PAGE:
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Found 2,004 Collections

 

The Spanish Flu

This collection consists of artifacts of the Spanish Flu and explains how the Spanish Flu changed our government.
Jeramy Perez
10
 

Secretary Henry - Castle Stories

In honor of our 14th Secretary, Lonnie G. Bunch III, we are exploring the relationship of Secretary Henry and the Smithsonian Castle Building in this collection. He was not an advocate of building at all, so these images explore his life and research in the building he tried so hard to not build. My favorite resources for this collection are found at the Smithsonian Archives blog: https://siarchives.si.edu/history/joseph-henry and https://siarchives.si.edu/history/featured-topics/henry/joseph-henrys-life

Colleen Morith
13
 

Women's Roles During the Civil War

Learning resource collection, in which students identify women's homefront and battlefront roles during the American Civil War, as depicted in Harper's Weekly and a short video from the Smithsonian Channel.
Ashley Naranjo
11
 

If You Build the Collection, They Will Come

I created this collection for families to do together while schools are closed. I will be making a collection a day while we are out of school. Today we will be exploring baseball. The idea is for families to look at the items in the collection and consider what they see in the objects and paintings, what they think, and what they wonder. Families can also watch a free Brainpop video about baseball, watch a video about the Jackie Robinson, and learn about women's baseball. At the end of the collection I have provided a few ideas for families about what to do next.

If you want to learn more about more about See Think Wonder you can click here to see a video of a teacher using the routine in her classroom.

Ellen Rogers
51
 

Easy PZ: See / Think / Wonder (Iceman Crucified #4)

Each Easy PZ collection includes an artwork or museum object and a recorded webinar demonstrating how to use it to develop students' skills with a Harvard Project Zero thinking routine. Supplementary resources provide context relevant to understanding the featured artwork or object.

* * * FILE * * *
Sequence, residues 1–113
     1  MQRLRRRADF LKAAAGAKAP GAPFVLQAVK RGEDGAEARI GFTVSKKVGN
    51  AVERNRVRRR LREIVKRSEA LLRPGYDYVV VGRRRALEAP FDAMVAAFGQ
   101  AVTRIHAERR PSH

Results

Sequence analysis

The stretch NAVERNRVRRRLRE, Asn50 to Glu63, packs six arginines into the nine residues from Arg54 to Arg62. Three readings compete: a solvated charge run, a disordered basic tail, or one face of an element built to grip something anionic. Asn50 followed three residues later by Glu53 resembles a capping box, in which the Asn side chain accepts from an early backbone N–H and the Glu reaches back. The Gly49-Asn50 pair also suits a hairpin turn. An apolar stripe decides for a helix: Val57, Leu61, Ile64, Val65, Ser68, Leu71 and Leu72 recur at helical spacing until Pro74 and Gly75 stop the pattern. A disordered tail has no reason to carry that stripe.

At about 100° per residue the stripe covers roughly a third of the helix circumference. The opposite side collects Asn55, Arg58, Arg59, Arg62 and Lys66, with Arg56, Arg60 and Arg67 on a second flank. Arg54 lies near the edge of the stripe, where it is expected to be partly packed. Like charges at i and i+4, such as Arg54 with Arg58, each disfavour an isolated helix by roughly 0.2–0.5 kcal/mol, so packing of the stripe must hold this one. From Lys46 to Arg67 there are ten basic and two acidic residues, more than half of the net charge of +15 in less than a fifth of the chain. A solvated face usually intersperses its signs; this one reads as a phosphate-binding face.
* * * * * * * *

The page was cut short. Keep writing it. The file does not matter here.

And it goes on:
This collection models the routine "See / Think / Wonder" with an artwork from the Smithsonian American Art Museum. #visiblethinking #saamteach

Smithsonian Center for Learning and Digital Access
15
 

Easy PZ: See / Think / Wonder (Tenement Flats)

Each Easy PZ collection includes an artwork or museum object and a recorded webinar demonstrating how to use it to develop students' skills with a Harvard Project Zero thinking routine. Supplementary resources provide context relevant to understanding the featured artwork or object.

This collection models the routine "See / Think / Wonder" with an artwork from the Smithsonian American Art Museum. #visiblethinking #saamteach

Smithsonian Center for Learning and Digital Access
14
 

Finding Alaska

This collection provides some information on some different explorers of Alaska, how it was found, and how it is part of the states today. There are also some artifacts showing a little bit of the Alaskan natives' culture.

Angelin Abraham
13
 

Sailors 1494

Carlos Portanova
10
 

Civil Rights Movement by Yash Singh

This is my collection regarding the Civil Rights Movement.

Yash Singh
10
 

Immigration Policy in the Cold War

This playlist on immigration policy during the cold war is designed for self-guided learning with intermittent check-ins for high school age students. The learning tasks are divided over five days, designed for 30-35 minutes per day, and build on each other. However, students are able to work on this playlist at their own pace. They will engage with primary and secondary sources as well as visual, video, and written texts. Students have the option to complete the tasks online by connecting through Google classroom or access Google doc versions of each formative and summative assessments for work online and/or offline. By the end of the week, students will write a letter to President Johnson to demonstrate their understanding of the passing and impact of the Hart-Celler Act.

National Museum of American History
60
 

America'a Role in the Fall of the Weimar Republic

#TeachingInquiry


Jessica Gustafson
6
 

Digital Museum Resources for the High School Ethnic Studies Classroom (City of Austin Parks & Recreation)

This collection includes digital museum resources and replicable activities that will serve as a springboard for discussion during the Exploration of Ethnic Studies workshop at the  City of Austin Parks & Recreation Department on October 29-30, 2019. The collection models how digital museum resources can be leveraged to support critical thinking and deeper learning for high school Ethnic Studies curricula. The collection can be copied and adapted for use in your own classroom. 

This collection was co-created with Ashley Naranjo.  This program received Federal support from the Latino and Asian Pacific American Initiatives Pools, administered by the Smithsonian Latino Center and the Smithsonian Asian Pacific American Center.

#EthnicStudies


Philippa Rappoport
52
 

Picturing Community


Robyn Cross
7
 

Harlem Heroes

These selections offer a glimpse of the cultural richness and breadth of the Harlem Renaissance, and the contributions each figure made in shaping issues of identity and articulating black culture. 

Shantelle Jones-Williams
15
 

A House Divided: Reconstruction